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    Got offers from Bath (AAB) and Durham (A*AA) to do Politics with Economics and Economics and Politics respectively . Both very similar courses (although Bath has got slightly more politics involved).

    My question is which one would you go for?

    I like both uni's, can see myself at either and the courses look great etc. + From what I've seen, in terms of people gaining internships in FO, they both achieve similar results so I'm really not sure which one to go for.

    Does Durham have greater prestige (outside finance and the U.K.)?

    PS - if it helps, I got the college I wanted at Durham (Castle)
    Cheers
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    (Original post by itstheharry)
    Got offers from Bath (AAB) and Durham (A*AA) to do Politics with Economics and Economics and Politics respectively . Both very similar courses (although Bath has got slightly more politics involved).

    My question is which one would you go for?

    I like both uni's, can see myself at either and the courses look great etc. + From what I've seen, in terms of people gaining internships in FO, they both achieve similar results so I'm really not sure which one to go for.

    Does Durham have greater prestige (outside finance and the U.K.)?

    PS - if it helps, I got the college I wanted at Durham (Castle)
    Cheers
    Forget prestige, they're roughly similar (both in terms of IB placement, and generally).

    Think about: whether you want an industrial year, collegiate life v campus life, surroundings, proximity to london etc.

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    durham, so you don't have to do an industrial placement.. think bath might be compulsury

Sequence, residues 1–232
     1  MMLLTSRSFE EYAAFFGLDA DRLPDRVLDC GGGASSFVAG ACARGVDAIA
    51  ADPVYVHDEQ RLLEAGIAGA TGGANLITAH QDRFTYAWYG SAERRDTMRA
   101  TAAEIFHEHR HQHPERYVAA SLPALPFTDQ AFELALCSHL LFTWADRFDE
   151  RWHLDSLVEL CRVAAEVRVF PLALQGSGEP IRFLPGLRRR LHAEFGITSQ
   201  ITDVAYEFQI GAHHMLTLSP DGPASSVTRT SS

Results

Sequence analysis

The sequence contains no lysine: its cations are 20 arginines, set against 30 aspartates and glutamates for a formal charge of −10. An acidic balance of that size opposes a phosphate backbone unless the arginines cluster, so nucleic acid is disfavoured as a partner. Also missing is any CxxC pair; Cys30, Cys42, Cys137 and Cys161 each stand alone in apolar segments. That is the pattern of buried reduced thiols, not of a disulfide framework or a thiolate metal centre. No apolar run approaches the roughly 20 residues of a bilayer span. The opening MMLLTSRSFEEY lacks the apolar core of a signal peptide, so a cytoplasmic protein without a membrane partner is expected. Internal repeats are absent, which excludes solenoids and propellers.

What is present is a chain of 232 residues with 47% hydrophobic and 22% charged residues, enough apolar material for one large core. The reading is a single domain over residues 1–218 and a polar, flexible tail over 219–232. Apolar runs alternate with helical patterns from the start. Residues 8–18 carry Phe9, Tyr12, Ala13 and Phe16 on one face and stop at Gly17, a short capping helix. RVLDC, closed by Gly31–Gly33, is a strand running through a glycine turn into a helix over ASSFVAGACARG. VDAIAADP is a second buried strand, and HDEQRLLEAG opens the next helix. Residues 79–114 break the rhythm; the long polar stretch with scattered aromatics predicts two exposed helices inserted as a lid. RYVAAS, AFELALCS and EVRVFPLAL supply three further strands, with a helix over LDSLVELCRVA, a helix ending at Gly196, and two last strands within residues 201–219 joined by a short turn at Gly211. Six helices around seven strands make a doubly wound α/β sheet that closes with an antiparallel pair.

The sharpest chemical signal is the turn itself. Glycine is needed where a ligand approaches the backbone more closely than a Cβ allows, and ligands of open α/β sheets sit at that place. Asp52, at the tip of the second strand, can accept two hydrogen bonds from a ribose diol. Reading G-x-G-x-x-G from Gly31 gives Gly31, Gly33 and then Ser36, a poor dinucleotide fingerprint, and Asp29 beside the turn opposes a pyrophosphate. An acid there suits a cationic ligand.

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    i'd go for bath
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    (Original post by Goaded)
    i'd go for bath
    reasons pls
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    Durham is the sensible option. Career prospects, prestige etc

    Bath is a cultural city where you will undoubtedly have more fun.

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    Watching this - got the same decision to make for Maths and can't decide.
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    (Original post by gr8wizard10)
    reasons pls
    Because I don't like Durham it has a stupid name
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    (Original post by gr8wizard10)
    durham, so you don't have to do an industrial placement.. think bath might be compulsury
    No its optional (only if you do a language does it make it compulsory) but I guess lots will do it so I see your point


    (Original post by stefano865)
    Durham is the sensible option. Career prospects, prestige etc

    Bath is a cultural city where you will undoubtedly have more fun.

    Both have far more 'vibrant' cities 10mins away (Bristol, Newcastle) so that's not a big issue for me as from experience they both don't have the greatest nightlife. Interesting how you suggest its higher up than Bath when others think its the same..?


    (Original post by Princepieman)
    Forget prestige, they're roughly similar (both in terms of IB placement, and generally).